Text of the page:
REYNOLDS TOBACCO COMPANY LLC v. WARD

Reset A A Font size: Print

R.J. REYNOLDS TOBACCO COMPANY and Liggett Group, LLC, Appellants, v. Erskin Donal WARD, as personal representative of the estate of Mattie Mae Ward, Appellee.

No. 1D15–5765

Decided: January 29, 2018

Charles F. Beall, Jr. of Moore, Hill & Westmoreland, P.A., Pensacola; Karen H. Curtis of Clarke Silverglate, P.A., Miami; and Kelly Anne Luther of Kasowitz, Benson, Torres & Friedman, LLP, Miami, for Appellants. James W. Gustafson, Jr. of Searcy Denney Scarola Barnhart & Shipley, Tallahassee; David J. Sales of David J. Sales, P.A., Jupiter; and Marjorie Gadarian Graham of Marjorie Gadarian Graham, P.A., Palm Beach Gardens, for Appellee.

Appellants argue that the trial court abused its discretion in awarding Appellee attorney's fees and costs of $981,116.23 pursuant to rule 1.380(c), Florida Rules of Civil Procedure. We agree and reverse.

After a trial on the merits of the case, Appellee sought attorney's fees and costs related to sixteen requests for admissions that were timely denied by Appellants. Rule 1.380(c) provides,

c) Expenses on Failure to Admit. If a party fails to admit the genuineness of any document or the truth of any matter as requested under rule 1.370 and if the party requesting the admissions thereafter proves the genuineness of the document or the truth of the matter, the requesting party may file a motion for an order requiring the other party to pay the requesting party the reasonable expenses incurred in making that proof, which may include attorneys' fees. The court shall issue such an order at the time a party requesting the admissions proves the genuineness of the document or the truth of the matter, upon motion by the requesting party, unless it finds that (1) the request was held objectionable pursuant to rule 1.370(a), (2) the admission sought was of no substantial importance, or (3) there was other good reason for the failure to admit.

The rule sets forth exceptions to issuance of an order, and precludes an award of reasonable expenses when there was “good reason for the failure to admit.” Parties have “good reason” to deny requests for admission when they have a good-faith basis for doing so and when admitting them would give away their defense altogether. Indeed, under the rule, “expenses incurred by a successful litigant as a result of the opposing party's failure to admit requests for admissions may not be assessed against the opposing party for denying a request to admit a hotly-contested, central issue to the case.” Arena Parking, Inc. v. Lon Worth Crow Ins. Agency, 768 So.2d 1107, 1113 (Fla. 3d DCA 2000). If otherwise, then “where a party denies a request to admit a fact which is the central issue of fact in the case, prevailing party attorney's fees would become the rule, rather than the exception.” Shaw v. State ex rel. Butterworth, 616 So.2d 1094, 1096 (Fla. 4th DCA 1993) (affirming denial of attorney's fees after a trial in which the defendants prevailed after the plaintiff denied a request for admission on the central issue in the case); Hahamovitch v. Hahamovitch, 133 So.3d 1020, 1024 (Fla. 4th DCA 2014) (holding attorney's fees cannot be awarded for a parties failure to admit a “hotly contested, central issue of fact in the case”).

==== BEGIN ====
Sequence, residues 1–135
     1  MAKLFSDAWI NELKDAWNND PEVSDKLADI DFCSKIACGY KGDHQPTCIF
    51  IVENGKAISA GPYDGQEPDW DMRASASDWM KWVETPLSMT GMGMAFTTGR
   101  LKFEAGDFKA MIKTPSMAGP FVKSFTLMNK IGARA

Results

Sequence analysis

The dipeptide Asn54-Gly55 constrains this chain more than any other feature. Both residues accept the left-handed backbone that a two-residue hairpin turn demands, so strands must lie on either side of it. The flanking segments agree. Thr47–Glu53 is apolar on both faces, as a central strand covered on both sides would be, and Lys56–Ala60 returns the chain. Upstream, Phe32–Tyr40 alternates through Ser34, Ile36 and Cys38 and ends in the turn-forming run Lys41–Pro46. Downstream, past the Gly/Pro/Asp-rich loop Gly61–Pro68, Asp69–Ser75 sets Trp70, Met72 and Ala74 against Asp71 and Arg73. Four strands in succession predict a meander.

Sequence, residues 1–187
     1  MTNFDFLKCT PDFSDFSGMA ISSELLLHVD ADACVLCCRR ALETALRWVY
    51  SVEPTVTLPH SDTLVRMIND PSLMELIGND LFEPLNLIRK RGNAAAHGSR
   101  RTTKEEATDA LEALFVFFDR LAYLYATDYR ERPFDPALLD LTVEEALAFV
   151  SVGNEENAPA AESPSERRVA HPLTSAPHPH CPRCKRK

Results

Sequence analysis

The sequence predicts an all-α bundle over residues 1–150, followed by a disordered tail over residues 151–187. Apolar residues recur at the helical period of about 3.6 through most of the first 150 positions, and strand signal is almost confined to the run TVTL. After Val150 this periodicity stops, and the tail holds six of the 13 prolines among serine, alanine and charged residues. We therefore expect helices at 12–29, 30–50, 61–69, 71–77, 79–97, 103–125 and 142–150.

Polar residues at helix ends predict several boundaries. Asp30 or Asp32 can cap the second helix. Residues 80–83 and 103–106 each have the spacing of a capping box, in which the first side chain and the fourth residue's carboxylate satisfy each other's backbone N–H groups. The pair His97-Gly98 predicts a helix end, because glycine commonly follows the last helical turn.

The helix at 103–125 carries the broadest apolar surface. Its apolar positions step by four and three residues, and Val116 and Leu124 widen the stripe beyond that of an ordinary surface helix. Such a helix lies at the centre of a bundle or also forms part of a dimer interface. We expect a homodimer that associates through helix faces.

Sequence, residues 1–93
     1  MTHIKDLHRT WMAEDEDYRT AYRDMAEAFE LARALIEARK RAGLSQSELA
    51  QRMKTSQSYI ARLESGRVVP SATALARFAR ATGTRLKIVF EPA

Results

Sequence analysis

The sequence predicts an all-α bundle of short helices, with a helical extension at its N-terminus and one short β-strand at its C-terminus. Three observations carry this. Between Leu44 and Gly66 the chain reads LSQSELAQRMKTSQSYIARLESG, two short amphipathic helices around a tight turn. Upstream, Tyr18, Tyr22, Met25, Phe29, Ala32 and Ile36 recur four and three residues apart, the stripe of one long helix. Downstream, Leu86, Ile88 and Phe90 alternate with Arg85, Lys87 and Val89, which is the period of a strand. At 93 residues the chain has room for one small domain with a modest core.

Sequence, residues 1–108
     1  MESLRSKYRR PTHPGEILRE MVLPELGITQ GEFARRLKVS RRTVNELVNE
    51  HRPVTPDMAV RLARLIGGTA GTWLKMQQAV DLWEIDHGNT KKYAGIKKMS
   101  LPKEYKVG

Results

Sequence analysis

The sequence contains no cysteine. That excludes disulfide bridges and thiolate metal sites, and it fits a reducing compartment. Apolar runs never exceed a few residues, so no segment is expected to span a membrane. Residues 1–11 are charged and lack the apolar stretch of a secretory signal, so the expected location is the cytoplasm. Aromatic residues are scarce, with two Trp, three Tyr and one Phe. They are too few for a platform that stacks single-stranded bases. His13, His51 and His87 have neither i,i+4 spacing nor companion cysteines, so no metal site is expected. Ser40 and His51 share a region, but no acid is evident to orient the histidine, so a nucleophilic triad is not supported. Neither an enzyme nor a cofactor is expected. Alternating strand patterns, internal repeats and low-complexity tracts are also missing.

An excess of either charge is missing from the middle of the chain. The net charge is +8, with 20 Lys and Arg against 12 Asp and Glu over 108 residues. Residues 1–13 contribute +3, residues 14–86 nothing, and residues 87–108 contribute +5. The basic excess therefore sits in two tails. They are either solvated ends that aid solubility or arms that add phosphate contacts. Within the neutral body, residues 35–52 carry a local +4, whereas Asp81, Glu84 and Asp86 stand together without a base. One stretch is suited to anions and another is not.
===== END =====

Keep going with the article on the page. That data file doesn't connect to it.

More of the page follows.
As its text makes clear, rule 1.380(c) serves as a vehicle to impose sanctions for unjustified denials, not as a substantive fee-shifting provision. As we conclude that the requests for admissions pertained to contested matters that were central issues in the case—meaning Appellants had “good reason for failure to admit,”—it is unnecessary to address Appellants' remaining challenges pertaining to joint and several liability assignment, attorney hours and reasonable hourly rates, among others.

We, therefore, Reverse the order on appeal.

I concur in the majority opinion. I agree with the logic of Arena Parking, Inc. v. Lon Worth Crow Insurance Agency, 768 So.2d 1107 (Fla. 3d DCA 2000), and Shaw v. State ex rel. Butterworth, 616 So.2d 1094 (Fla. 4th DCA 1993). Rule 1.380, Florida Rules of Civil Procedure, titled “Failure to Make Discovery; Sanctions,” clearly intends to provide for expenses as a sanction for discovery violations and, as the majority notes, is not intended to provide for fee shifting on “a hotly-contested, central issue.” Arena Parking, 768 So.2d at 1113; see also Stokes v. Clark, 390 So.2d 489 (Fla. 1st DCA 1980).

I write separately to point out that rule 1.380(c)(2) precludes an award of expenses for failing to make a requested admission if “the admission sought was of no substantial importance.” Therefore, for an improperly denied request for admission to be sanctionable, it must fall into a Goldilocks zone of being germane to an issue being litigated, but not so important as to be a central issue. In my view, the caselaw and rule do not give sufficient boundaries of what is sanctionable.

Perhaps this ambiguity is purposeful, and I trust that the trial courts will exercise their discretion appropriately in most cases to determine whether sanctions should issue. See Stokes, 390 So.2d at 491 (applying an abuse of discretion standard to a motion for attorney's fees under rule 1.380(c) ). However, judges and practitioners may benefit from having the Florida Bar's Civil Procedure Rules Committee propose more defined boundaries as to where an award is appropriate. See Fla. R. Jud. Admin. 2.140.

Per Curiam.

Winsor and M.K. Thomas, JJ., concur; Bilbrey, J., concurs with opinion.

Copied to clipboard